It was 1:43 a.m. I know because as I was jolted into an unwanted state of wakefulness, the first thing I observed were the red numerals glowing insistently from my alarm clock. I lay there for a few seconds wondering what had happened, when that which had first caused me to awaken, convulsed me second time. A hiccup!
In all of my many years, I can’t remember ever having a case of the hiccups in the middle of the night, but I did last night and it was a world class case of them I might add.
My normal procedure for treating the hiccups is to wait for one to strike, then to quickly take a deep breath and hold it while focusing all of my mental powers on not allowing my diaphragm to move. It’s as if I were pearl diving while attempting a Vulcan mind meld.
Truth be known, I’m not sure I could voluntarily make my diaphragm move on a good day, so why do I think I can keep it from moving involuntarily? Beats me too, but it seems to work more often than not.
While I was laying there in the dark attempting self-asphyxiation, I was struck by how little I knew about hiccups and decided then and there to learn more; but to do so no earlier than the next day.
Somewhere back in my grade school days, I had learned that hiccups, or hiccoughs if you prefer the more eloquent European spelling, are simply involuntary spasms of the diaphragm, the membrane which keeps your lungs separated from the rest of the equipment in your body cavity. Medically speaking, a hiccup is a myoclonic jerk. Trust me, I’ve known a few of those in my day and I’d rank a good case of hiccups right up there with the worst of them.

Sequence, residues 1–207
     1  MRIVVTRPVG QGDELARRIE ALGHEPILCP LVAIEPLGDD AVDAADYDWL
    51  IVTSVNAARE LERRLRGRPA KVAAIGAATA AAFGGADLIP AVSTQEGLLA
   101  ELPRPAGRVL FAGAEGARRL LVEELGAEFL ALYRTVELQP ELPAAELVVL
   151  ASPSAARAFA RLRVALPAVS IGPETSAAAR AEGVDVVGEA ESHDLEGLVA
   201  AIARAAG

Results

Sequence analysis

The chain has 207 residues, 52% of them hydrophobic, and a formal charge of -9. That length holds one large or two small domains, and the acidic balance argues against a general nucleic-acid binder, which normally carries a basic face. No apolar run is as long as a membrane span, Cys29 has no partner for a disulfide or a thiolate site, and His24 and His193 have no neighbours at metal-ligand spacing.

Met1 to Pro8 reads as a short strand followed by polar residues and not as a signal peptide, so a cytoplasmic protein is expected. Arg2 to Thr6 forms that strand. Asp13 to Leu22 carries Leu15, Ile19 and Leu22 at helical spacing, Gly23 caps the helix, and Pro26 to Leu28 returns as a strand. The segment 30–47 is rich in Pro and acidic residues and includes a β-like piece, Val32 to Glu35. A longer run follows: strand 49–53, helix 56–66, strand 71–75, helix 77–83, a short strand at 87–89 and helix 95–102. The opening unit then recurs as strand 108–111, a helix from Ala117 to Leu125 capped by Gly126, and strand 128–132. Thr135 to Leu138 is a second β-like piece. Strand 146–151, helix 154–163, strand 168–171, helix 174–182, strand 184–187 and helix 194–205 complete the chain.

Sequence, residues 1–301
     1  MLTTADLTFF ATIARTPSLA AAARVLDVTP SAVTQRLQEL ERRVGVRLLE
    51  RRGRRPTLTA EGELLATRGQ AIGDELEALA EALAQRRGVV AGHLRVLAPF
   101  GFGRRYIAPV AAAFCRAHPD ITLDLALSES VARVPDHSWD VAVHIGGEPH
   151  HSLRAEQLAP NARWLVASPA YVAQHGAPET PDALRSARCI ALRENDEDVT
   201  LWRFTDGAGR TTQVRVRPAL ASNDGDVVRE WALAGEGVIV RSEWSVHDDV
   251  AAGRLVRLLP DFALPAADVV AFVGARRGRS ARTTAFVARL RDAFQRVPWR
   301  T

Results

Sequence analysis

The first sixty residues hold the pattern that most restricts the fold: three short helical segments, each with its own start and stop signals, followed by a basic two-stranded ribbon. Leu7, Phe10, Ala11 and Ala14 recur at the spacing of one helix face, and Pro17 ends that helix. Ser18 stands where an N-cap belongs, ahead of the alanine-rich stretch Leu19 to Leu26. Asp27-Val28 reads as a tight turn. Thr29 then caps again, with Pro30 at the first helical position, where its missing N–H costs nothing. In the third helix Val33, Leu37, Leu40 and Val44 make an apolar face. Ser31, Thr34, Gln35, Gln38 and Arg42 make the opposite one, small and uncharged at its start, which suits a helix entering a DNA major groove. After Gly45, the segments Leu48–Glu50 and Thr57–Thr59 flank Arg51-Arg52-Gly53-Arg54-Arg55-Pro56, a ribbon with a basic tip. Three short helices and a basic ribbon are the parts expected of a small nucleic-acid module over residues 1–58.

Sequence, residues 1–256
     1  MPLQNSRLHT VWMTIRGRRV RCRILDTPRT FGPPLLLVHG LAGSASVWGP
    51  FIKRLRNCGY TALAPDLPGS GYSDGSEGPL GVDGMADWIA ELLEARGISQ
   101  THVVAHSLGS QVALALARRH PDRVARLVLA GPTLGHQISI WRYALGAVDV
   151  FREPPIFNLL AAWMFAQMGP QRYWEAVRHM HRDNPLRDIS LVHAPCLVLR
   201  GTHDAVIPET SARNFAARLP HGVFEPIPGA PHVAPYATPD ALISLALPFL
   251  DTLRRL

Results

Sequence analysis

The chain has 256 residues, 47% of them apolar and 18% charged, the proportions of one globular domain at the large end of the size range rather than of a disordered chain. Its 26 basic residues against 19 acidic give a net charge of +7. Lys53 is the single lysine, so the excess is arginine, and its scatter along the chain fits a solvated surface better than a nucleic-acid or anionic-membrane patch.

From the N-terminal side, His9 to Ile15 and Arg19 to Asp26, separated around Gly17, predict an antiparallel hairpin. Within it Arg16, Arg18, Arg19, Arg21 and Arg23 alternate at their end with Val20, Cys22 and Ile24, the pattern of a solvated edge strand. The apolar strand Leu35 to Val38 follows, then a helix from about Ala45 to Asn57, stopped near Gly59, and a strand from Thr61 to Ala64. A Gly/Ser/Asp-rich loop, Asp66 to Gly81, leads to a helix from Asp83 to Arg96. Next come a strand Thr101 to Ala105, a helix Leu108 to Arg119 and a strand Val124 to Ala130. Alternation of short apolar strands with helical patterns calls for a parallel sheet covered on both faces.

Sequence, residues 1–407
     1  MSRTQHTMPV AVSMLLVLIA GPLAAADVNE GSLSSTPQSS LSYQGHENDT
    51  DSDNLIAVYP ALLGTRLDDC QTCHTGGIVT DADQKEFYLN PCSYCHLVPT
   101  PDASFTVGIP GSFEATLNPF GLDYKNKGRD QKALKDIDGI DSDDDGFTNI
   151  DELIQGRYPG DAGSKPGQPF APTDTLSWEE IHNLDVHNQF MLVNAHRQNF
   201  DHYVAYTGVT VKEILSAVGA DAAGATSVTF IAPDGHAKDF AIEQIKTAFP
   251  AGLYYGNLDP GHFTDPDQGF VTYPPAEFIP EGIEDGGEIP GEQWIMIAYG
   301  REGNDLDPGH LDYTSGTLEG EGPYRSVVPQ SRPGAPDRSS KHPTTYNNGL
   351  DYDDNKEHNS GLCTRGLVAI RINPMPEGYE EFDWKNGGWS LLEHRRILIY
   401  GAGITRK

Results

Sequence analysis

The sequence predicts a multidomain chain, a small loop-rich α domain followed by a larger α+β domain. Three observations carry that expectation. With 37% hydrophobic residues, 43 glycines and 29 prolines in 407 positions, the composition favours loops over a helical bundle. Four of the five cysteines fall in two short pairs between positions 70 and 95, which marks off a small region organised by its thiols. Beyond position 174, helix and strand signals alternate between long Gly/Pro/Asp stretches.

In full blown medical jargon, hiccups are known as Synchronous Diaphragmatic Flutters or SDFs.
The next time you’re stricken, go up to someone you know and say, “I’m having a synchronous diaphragmatic flutter! Can you help me?” and see what kind of response you receive. It might be interesting, but be careful of whom and where you ask for such aid.
It came as no surprise to me that medical science really doesn’t know what causes hiccups. Neither do they know the cause of the brain freeze that you get when you eat ice cream or a slushie too quickly. You’d think that after hundreds of years of poking and probing around inside of cadavers, as well as real live people, they could come up with a few answers.
One proposition is that hiccups are one of those evolutionary left-overs or remnants which are no longer required to allow our bodies to function normally, but which nature has left by the biological roadside in order to stump future generations of doctors and scientists.
It is suggested that hiccuping is akin to the manner in which amphibians, tadpoles and salamanders for example, gulp air in order to push it across their gills thus allowing them to breathe. Having observed some of my relatives in the act of hiccuping, I must admit that there may be something to that hypothesis.
In any event, I was able to quell my nocturnal bout of synchronous diaphragmatic flutters and after completing my research am a better man for it.
Live long and prosper!